On 8 December 2021 the High Court delivered their decision in Arsalan v Rixon and Nguyen v Cassim.
The decisions were appealed from the New South Wales Court of Appeal, and each relate to the situation where an insured driver has caused a collision, and where the damaged vehicle owner has rented a vehicle (effectively on a credit basis from a rental vehicle provider) during the period their vehicle is being repaired and sought recovery of the credit hire from the at fault driver.
The High Court considered whether a vehicle capable of meeting the specification and functionality of the damaged vehicle would be sufficient or whether a “like for like” vehicle could be hired as a reasonable replacement.
The rental of vehicles on a credit basis by third party claimants is an area of increasing concern for insurers, particularly given the growing magnitude and prevalence of literally thousands of such matters (which are predominantly determined in lower-level Court jurisdictions across Australia).
The factual issues generally involve the following scenarios:
(i) A rental hire company (with a large part of the credit rental market being dominated by Right2Drive/Onyx and CompassCorp) provides a vehicle to the not at fault driver;
(ii) The rental vehicle is usually of a similar (or often more expensive) type of vehicle;
(iii) The rental vehicle is provided on a credit basis, at no upfront cost to the owner of the damaged vehicle; and
(iv) The rental company (in their agreement with the owner of the damaged vehicle) obtains the authority to pursue the insurer of the at fault driver for the costs incurred of the rental.
With the costs of motor vehicle claims rising and putting pressure on insurance premiums the High Court was called upon to consider the entitlement of the owner of a damaged prestige vehicle to claim the costs of renting a “like for like” similar type vehicle while their vehicle was being repaired.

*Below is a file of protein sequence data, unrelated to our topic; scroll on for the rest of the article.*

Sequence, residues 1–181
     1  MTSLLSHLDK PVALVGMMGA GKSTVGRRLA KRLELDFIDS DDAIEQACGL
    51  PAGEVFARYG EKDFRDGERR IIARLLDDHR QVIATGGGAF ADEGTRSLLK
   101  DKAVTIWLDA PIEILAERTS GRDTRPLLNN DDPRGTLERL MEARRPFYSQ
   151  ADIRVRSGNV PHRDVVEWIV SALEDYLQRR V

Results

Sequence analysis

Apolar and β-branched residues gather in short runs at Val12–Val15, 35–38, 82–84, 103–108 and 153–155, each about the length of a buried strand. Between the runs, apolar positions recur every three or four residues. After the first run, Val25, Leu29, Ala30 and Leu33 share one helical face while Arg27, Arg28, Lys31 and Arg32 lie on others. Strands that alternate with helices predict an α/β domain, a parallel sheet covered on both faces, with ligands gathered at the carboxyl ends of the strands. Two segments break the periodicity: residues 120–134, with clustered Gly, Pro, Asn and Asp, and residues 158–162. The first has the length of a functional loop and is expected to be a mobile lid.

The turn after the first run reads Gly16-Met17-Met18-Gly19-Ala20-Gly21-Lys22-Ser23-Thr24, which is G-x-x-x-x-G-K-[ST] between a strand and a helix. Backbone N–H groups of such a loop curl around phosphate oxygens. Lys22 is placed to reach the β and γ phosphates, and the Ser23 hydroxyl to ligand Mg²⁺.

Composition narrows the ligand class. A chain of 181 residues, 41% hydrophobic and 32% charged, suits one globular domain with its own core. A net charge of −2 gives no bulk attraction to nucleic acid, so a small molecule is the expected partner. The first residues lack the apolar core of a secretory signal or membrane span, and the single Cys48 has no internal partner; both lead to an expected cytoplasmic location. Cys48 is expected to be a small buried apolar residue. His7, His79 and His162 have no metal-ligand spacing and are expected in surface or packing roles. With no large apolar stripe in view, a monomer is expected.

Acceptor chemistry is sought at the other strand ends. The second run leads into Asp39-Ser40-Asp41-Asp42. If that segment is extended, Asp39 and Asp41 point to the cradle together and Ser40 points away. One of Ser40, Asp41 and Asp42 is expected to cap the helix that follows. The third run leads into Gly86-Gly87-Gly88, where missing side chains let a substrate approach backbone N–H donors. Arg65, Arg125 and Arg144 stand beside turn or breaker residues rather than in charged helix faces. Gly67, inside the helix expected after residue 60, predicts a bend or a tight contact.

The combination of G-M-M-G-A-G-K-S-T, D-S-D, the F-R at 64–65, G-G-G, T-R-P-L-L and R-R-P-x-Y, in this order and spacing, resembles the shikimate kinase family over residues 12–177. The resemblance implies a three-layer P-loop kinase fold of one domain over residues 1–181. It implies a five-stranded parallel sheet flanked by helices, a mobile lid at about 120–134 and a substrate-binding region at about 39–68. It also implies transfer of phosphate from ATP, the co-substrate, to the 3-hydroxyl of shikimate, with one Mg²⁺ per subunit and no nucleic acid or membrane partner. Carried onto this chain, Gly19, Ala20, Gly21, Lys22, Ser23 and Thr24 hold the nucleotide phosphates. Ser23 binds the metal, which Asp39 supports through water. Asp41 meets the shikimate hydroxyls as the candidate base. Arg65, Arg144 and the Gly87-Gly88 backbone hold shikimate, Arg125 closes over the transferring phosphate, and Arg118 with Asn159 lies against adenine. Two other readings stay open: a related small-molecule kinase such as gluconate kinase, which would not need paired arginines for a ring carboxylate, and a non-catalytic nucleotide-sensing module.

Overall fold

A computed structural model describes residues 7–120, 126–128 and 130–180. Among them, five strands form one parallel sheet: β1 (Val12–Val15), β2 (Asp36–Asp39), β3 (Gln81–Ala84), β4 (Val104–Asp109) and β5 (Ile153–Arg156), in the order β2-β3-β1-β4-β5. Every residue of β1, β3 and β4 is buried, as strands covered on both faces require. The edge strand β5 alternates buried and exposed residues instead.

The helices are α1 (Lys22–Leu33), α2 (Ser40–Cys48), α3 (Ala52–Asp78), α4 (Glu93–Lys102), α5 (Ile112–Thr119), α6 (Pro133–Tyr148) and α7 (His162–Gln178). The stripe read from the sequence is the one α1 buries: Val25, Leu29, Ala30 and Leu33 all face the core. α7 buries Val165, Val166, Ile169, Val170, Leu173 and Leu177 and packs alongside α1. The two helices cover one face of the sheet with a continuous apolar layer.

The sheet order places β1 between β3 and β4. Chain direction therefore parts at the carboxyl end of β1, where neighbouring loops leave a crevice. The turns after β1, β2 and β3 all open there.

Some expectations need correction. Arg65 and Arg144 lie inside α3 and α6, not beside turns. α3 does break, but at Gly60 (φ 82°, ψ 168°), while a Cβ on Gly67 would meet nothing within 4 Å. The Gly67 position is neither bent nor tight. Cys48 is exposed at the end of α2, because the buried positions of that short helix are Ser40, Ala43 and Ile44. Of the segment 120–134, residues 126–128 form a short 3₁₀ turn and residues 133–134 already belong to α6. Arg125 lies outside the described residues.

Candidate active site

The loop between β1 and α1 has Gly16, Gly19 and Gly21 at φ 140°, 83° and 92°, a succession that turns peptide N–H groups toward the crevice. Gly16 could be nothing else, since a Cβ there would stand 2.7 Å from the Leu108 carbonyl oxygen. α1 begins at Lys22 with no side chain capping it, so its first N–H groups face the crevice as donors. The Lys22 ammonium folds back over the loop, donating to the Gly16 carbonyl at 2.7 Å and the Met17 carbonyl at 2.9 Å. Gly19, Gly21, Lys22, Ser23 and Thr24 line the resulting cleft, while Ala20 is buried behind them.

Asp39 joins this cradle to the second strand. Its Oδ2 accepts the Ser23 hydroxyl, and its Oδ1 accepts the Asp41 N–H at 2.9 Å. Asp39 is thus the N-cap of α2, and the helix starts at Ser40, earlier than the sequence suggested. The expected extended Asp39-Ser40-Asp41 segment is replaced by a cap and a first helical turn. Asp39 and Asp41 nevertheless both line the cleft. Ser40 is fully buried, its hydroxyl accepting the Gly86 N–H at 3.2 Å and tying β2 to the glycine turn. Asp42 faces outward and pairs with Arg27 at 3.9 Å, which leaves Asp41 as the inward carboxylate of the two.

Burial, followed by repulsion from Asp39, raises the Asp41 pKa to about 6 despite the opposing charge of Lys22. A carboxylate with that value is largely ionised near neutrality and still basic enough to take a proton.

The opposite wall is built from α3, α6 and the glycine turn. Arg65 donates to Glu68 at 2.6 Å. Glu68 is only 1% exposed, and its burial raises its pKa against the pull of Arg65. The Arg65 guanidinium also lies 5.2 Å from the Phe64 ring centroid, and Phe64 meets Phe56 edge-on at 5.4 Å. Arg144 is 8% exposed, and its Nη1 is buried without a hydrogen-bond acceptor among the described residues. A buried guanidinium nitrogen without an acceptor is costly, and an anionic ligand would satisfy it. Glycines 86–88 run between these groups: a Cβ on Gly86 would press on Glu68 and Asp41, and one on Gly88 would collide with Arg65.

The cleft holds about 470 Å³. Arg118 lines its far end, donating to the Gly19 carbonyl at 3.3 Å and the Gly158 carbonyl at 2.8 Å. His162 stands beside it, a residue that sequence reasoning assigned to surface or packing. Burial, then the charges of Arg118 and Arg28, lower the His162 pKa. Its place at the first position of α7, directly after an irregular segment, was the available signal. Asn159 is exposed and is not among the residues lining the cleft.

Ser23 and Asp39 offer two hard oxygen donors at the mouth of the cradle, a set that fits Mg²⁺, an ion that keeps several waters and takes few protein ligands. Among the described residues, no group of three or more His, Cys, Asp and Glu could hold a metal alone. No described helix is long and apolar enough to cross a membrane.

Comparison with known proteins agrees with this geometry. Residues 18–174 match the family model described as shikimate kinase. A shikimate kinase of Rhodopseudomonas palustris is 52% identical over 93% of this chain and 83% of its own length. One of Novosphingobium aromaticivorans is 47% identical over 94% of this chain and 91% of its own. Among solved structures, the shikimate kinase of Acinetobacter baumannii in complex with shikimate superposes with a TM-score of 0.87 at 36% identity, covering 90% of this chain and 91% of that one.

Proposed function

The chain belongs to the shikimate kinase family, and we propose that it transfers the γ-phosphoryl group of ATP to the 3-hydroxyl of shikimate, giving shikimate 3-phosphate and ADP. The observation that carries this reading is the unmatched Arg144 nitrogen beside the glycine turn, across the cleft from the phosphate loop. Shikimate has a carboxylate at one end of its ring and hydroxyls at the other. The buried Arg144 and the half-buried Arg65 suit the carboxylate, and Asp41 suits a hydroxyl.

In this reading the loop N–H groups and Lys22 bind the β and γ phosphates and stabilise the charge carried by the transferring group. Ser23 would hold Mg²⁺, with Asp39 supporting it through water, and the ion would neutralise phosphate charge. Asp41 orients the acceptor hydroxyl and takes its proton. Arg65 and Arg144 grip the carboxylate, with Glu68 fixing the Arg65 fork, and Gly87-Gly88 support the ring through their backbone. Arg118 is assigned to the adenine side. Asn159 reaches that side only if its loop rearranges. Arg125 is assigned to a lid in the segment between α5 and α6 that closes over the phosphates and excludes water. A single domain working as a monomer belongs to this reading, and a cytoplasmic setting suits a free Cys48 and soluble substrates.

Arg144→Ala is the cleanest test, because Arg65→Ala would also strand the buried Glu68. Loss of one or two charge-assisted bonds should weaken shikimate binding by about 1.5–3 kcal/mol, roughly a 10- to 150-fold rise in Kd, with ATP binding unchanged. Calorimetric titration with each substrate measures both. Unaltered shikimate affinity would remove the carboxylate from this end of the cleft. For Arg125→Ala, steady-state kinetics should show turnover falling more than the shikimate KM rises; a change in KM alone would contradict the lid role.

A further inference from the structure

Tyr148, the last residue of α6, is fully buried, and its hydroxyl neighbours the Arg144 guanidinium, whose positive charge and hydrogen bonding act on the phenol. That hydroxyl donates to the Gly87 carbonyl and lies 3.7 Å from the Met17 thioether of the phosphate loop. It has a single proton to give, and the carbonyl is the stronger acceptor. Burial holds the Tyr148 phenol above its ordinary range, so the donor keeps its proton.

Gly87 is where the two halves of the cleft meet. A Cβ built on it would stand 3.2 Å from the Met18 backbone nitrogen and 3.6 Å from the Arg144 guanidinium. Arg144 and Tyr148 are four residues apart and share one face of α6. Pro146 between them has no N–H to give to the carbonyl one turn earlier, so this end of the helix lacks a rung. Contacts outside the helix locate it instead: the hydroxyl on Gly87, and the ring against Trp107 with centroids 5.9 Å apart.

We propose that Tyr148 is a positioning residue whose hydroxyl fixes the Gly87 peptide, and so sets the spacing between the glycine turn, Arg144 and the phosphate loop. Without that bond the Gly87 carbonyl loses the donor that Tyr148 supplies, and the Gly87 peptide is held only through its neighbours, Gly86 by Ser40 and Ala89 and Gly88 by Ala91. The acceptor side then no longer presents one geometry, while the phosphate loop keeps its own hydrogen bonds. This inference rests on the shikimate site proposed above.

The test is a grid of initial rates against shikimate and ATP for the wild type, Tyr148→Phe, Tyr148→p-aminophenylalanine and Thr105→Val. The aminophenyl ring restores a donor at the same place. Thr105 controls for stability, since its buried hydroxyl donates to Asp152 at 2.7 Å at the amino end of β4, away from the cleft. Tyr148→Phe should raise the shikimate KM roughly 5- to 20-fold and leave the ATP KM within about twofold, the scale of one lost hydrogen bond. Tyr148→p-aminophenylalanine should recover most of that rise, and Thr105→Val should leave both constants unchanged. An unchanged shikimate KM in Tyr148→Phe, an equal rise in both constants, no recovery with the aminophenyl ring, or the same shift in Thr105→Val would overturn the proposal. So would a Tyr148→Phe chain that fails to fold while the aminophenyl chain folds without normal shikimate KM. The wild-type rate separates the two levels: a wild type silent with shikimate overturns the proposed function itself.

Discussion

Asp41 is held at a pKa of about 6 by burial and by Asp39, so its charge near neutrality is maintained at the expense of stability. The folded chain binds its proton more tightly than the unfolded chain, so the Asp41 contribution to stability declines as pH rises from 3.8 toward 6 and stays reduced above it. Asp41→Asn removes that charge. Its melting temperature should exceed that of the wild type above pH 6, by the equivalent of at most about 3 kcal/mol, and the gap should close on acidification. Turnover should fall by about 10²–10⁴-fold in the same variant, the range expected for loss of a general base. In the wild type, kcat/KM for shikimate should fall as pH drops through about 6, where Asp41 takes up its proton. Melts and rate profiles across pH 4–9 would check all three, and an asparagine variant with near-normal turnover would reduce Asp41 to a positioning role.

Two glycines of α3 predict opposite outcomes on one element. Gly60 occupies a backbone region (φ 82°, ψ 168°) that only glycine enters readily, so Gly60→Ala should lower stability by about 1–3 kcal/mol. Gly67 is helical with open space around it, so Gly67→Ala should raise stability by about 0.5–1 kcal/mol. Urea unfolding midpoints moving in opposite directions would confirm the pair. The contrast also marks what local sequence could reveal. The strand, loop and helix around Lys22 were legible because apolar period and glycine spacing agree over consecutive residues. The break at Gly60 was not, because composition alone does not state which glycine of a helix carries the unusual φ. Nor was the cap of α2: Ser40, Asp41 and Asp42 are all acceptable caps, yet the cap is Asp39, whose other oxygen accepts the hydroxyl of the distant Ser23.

It is important to note that accidents involving prestige vehicles represent only a very small share of the total number of motor vehicle accidents in Australia each year and there remain many strategies to combat such claims as will be detailed below.
In what was a relatively short judgment by High Court standards (particularly given the conflicting authorities and complexity of the issues involved), the High Court considered the following issues:
(i) Whether “loss of use” of the vehicle itself is a head of damage?
(ii) In the event that “loss of use” itself of the particular vehicle is not a sufficient measure of damages, how should the Court then assess the physical inconvenience and loss of amenity of using the damaged vehicle?
(iii) Whether the damaged vehicle owner must establish a “need” for the hire vehicle in order to obtain damages?
(iv) What steps is the owner of a damaged vehicle required to take to mitigate their loss?
(v) Is the onus upon the damaged vehicle owner to establish that the damages claimed (and steps taken to mitigate the losses) are reasonable, or alternatively is the onus upon the at fault driver (through their insurer) to establish that the damages claimed (and steps taken) are unreasonable?
In addressing the key issues raised above, the High Court held in a unanimous decision:
(a) The loss of “use” of a prestige type vehicle is not a sufficient measure of damages to which the owner of such a vehicle is entitled.
(b) Rather, the ownership of such a vehicle goes beyond the “use” of the vehicle and extends to the “loss of amenity or enjoyment of the use of the vehicle”, with references to the loss of “convenience” and “pleasure” of using such a vehicle featuring prominently in the assessment of the reasonableness of damages being claimed.
(c) Importantly, the issue of “need” (for a prestige rental vehicle) was effectively abolished, with the fact that the damaged vehicle owner having suffered physical inconvenience, loss of amenity and also having incurred “significant capital or ongoing expenditure on that prestige vehicle” being sufficient to establish an entitlement to damages.
(d) With the damaged vehicle owner not having to establish a “need” for the prestige vehicle rented, the entitlement to damages will usually be assessed as the reasonable costs incurred in renting a “substitute vehicle that is broadly equivalent to their damaged vehicle”.
(e ) With the above factors satisfied, the onus is usually then upon the Defendant to show that the owner of the damaged vehicle incurred unreasonable costs in their rental of the prestige vehicle.
In summary, the High Court has affirmed the decision of the Court of Appeal of the Supreme Court of New South Wales and in direct contrast to the decision of the Supreme Court of New South Wales, held that the owner of a damaged prestige vehicle is entitled to a “like for like” vehicle, irrespective of their usage of the damaged vehicle prior to the collision.
The only requirement is that the replacement prestige rental vehicle be “broadly equivalent”, an interesting concept which will be explored further below.
The High Court also identified specific scenarios where the owner of a damaged prestige vehicle would not be entitled to rent a similar vehicle, but such scenarios were limited to situations where such a vehicle owner was: